EagleTribune.com, North Andover, MA

October 30, 2013

Program for seniors may end

Future in jeopardy of money-losing adult day-care services

By Doug Ireland
direland@eagletribune.com

---- — BRENTWOOD — A longtime senior citizen program spared from elimination by Rockingham County commissioners last winter may not survive another year.

Commissioners will consider the program’s future when they meet Friday, creating anxiety for families of the 18 members of the financially strapped Helen F. Wilson Adult Medical Day Program.

A vote whether to save or scrap the 33-year-old program is expected within the next several weeks, commissioners said. The program was given a deadline of Aug. 1 and then Friday to significantly boost its membership, but that didn’t happen.

Two of the three commissioners say the program, which provides social and medical services to the elderly, may not be worth saving because it continues to lose thousands of dollars a year.

“It’s not that these people aren’t important,” Commissioner Kevin Coyle of Derry said. “We are competing against the private sector, and we are not doing well.”

Coyle said numerous privately run programs in the county offer the same service without burdening taxpayers.

“If it breaks even, I’m fine with keeping it,” he said.

But the problem is the program, which costs $278,000 to operate this year. is losing between $50,000 and $100,000 a year, Coyle said.

Commission Chairman Katharin Pratt of Hampton has said the deficit is closer to $100,000.

Supporters of the program, including Commissioner Thomas Tombarello of Sandown, and members of the county’s legislative delegation, say it’s only losing about $40,000 a year.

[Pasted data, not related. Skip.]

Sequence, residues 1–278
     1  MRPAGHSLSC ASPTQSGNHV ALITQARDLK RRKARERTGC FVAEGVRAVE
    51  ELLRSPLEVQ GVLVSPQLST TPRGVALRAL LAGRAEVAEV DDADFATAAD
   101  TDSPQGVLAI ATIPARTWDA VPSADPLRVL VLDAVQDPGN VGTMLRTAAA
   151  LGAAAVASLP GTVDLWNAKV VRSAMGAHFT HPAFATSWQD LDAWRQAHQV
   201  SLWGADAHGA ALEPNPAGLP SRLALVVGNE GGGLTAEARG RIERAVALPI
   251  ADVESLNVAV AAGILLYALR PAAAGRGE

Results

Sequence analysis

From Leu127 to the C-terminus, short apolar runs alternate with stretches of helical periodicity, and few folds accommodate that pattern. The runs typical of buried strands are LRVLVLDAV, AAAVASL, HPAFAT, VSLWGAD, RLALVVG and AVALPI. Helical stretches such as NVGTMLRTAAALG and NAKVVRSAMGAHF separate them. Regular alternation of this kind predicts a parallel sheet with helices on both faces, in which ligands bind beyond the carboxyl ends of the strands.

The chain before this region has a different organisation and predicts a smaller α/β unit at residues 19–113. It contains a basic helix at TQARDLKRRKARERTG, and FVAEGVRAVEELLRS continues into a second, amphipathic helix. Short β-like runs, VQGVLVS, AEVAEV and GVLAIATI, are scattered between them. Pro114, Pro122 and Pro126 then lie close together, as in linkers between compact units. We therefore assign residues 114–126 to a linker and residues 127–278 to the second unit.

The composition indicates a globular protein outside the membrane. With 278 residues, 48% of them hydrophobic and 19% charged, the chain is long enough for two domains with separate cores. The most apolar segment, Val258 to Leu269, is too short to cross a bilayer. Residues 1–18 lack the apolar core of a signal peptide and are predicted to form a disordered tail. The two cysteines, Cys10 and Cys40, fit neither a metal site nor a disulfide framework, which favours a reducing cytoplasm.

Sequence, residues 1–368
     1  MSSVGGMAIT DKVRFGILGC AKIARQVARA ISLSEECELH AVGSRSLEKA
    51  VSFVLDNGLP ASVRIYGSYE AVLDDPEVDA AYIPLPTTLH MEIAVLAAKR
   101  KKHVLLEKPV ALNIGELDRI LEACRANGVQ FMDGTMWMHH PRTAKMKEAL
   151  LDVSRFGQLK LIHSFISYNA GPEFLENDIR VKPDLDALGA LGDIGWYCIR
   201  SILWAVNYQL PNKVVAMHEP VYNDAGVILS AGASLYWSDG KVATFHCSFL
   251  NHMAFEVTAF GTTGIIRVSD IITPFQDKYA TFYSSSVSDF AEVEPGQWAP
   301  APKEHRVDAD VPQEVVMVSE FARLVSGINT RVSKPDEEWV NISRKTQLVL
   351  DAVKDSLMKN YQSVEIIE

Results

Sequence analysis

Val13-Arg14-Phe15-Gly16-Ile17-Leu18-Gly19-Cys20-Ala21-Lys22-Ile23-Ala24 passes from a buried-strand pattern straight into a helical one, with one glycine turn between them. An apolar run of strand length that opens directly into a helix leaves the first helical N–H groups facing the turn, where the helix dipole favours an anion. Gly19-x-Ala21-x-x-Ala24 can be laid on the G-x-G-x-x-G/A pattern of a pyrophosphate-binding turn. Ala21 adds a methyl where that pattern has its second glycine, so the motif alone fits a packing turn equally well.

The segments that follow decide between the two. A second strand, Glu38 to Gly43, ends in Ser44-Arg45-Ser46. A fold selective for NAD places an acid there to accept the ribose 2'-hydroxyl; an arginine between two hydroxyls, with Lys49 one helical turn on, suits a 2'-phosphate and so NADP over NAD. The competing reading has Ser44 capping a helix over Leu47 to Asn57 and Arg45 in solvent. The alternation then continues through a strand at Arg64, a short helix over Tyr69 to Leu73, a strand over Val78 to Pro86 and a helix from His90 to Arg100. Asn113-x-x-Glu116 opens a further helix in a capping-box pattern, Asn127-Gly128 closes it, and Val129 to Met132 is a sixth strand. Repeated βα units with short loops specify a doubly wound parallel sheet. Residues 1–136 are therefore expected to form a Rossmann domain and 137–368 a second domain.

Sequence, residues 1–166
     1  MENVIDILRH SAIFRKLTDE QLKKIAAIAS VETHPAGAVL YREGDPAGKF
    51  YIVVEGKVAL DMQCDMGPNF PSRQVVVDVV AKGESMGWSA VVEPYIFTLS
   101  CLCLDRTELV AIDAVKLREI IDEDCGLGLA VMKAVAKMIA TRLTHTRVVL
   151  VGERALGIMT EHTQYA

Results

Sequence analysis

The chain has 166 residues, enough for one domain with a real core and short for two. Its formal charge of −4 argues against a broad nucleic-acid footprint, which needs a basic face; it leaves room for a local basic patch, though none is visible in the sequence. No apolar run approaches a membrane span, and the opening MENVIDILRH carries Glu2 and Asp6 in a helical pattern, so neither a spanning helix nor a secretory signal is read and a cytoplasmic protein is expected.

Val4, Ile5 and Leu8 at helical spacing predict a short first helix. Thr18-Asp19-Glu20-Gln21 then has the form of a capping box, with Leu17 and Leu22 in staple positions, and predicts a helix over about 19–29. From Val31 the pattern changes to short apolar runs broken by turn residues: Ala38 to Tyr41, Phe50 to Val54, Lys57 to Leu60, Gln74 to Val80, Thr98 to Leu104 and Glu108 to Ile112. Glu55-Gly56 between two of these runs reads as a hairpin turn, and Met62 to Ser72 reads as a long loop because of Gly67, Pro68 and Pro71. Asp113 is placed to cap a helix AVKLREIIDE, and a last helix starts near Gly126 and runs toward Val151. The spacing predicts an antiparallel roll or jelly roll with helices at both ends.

Tombarello and state Rep. Debra DeSimone, R-Atkinson, said yesterday the program is too valuable to cut even if it is losing money.

DeSimone is the head of a five-member legislative subcommittee asked to evaluate the program.

“I’m for saving the program, 100 percent,” Tombarello said.

“Unfortunately, if we closed everything that lost money. we would be out of business.”

The adult day-care program offers social activities and medical services to senior citizens while providing respite for caregivers.

The program costs $71 a day compared to more than $300 a day to place senior citizens at the county nursing home, he said.

Tombarello said the county is obligated to provide the service to its elderly residents.

DeSimone said the subcommittee supports saving the program as well. She said the county hasn’t done enough to market the program to attract new members, freezing membership for three months after fiscal concerns about the program were raised in January.

“I’m concerned if we close it,” she said. “Where would they go? We have our seniors who need an adult day program so they can be safe.”

One of those senior citizens is 91-year-old Elizabeth Jones, who lives with her daughter, Nancy Russo of Epping.

Jones needed live-saving medical care on two occasions while attending the program because her blood pressure suddenly dropped, Russo said.

Jones, who attends three times a week, said she’s thankful for the social opportunities provided by the program. It’s a chance to meet people her own age.

“I don’t know what I would do without it — it gives you something to look forward to,” she said. “We can get together and talk and joke and laugh a lot.”